Lifespan of components?

How long can we expect a well designed component to last before it fails? I am assuming that eventually everything fails. I am looking at my system, and the oldest pieces here are in the 50 year range. Some components should be easy to replace if they fail- a capacitor, resistor of transistor, but other things not so easy- a transformer or an integrated circuit, and if they fail, their often unobtainable status means its the end if the road unless a parts donor can be found. In some ways I think it could be easier to give a 1960’s component a new lease on life after a failure than a 1980’s IC based wonder that has failed. 


I suspect typically 35 to 50 years or more , based on my experience… not much. But we all know capacitor performance falls after some time… probably less than twenty years. Then there is better performance in new stuff. Typically even in amps ten years is enough to get a very important improvement… say compare same models. For forty years I had Pass amps of equivalent power and design… ten years is very important sound quality improvements.

some components seem to never fail, but simply sound a little worse and then more worse, but still work...

Heat is major cause of component wear, manage heat and get longer life.


And then we have much faster evolution and innovation in certain audio categories. Take streaming for example, I consider these components consumables, certain components may be obsolete in matter of months.


Think about how many audio components are considered failures prior to parts failure. Many components may still operate yet would be considered failures as no market exists for resale.  I bet most of us have some equipment sitting around unused and not really salable.

1965 Macintosh MR71. 

Still have a couple original Mac labeled tubes. Over the years, a couple choice caps in areas were switched out. Just  has upgraded output jacks and original tuning cable replaced and indicator bulbs replaced. It gets  daily use, sometimes I've neglected to turn it off and find it's been on for days.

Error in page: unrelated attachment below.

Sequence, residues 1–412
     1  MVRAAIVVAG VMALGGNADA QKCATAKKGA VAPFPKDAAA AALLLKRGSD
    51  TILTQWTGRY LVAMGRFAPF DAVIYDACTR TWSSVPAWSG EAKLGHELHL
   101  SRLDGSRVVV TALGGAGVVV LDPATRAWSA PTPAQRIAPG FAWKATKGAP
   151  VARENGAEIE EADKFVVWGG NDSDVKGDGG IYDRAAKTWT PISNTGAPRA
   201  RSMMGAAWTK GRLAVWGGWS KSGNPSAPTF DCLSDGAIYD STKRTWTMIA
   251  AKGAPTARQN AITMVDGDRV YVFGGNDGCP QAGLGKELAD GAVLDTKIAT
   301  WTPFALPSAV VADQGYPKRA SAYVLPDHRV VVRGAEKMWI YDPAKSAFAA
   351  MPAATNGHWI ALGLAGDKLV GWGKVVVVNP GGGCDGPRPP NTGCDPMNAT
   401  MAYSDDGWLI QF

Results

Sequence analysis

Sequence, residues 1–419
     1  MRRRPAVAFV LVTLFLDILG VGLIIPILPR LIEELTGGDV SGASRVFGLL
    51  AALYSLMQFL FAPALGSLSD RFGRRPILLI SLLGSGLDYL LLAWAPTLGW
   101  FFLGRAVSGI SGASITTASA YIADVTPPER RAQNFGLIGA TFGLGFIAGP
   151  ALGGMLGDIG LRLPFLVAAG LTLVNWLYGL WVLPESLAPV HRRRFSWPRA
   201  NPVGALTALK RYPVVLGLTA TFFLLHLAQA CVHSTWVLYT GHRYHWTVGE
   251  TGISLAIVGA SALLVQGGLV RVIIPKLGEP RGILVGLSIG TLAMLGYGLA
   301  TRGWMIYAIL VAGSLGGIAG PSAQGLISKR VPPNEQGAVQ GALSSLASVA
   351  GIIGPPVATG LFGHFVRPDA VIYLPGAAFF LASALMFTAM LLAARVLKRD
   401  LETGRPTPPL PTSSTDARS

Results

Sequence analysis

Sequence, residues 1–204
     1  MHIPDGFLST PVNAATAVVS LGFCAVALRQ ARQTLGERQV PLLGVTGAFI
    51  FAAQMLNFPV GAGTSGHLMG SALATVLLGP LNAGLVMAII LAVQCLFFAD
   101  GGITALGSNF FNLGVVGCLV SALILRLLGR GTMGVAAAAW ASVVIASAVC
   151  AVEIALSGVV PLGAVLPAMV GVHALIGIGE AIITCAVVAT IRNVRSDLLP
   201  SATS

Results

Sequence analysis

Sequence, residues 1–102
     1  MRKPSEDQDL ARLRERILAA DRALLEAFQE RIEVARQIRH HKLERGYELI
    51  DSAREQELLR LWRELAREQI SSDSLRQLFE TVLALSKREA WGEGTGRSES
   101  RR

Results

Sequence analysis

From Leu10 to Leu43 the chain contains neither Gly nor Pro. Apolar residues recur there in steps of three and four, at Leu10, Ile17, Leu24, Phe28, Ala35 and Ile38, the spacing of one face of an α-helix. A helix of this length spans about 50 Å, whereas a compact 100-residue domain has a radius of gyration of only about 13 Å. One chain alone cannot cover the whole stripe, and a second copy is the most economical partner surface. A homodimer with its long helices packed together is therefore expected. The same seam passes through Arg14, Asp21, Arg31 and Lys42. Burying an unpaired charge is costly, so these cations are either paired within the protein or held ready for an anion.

The plan is to keep it going for another 40, when I turn 100. The original Mac tubes will probably outlive me.

@tablejockey I’m sure my MR78 will still be working in 40 years too, I just wonder if there will be FM radio; my concern is that when I kick the bucket my kids will be thrilled at the first $100 that is offered to them for the tuner.


Capacitors die the quickest, start at 20 years. All failures are directly related to thermal cycling unless it’s a power surge problem. The 60’s through 80’s are not hard to service, even the IC versions. It’s when you get into the mid 90’s and later, servicing becomes a swap out board not component replacement procedure.

"I just wonder if there will be FM radio; my concern is that when I kick the bucket my kids will be thrilled at the first $100 that is offered to them for the tuner."


FM, like OTA TV will always be around. Listenable music is the challenge. PBS is the only listenable choices with Classical and Jazz. R&R radio is long gone, unless your area has a station trying to hang on.

Put specific instructions in your will -MR 78 gets sold to an audio enthusiast at current market value.


Electrolytic capacitors have shelf life, used or not. No doubt heat plays a role in their demise, but even sitting new on a shelf will eventually make a difference. It is the gel used inside of them that will eventually change with time. Just physics.

 I had a PS Audio P500 which was still working, BUT some of the power caps were so dry they rattled. In this case, they weren't so old, but in heat environment that took their lives.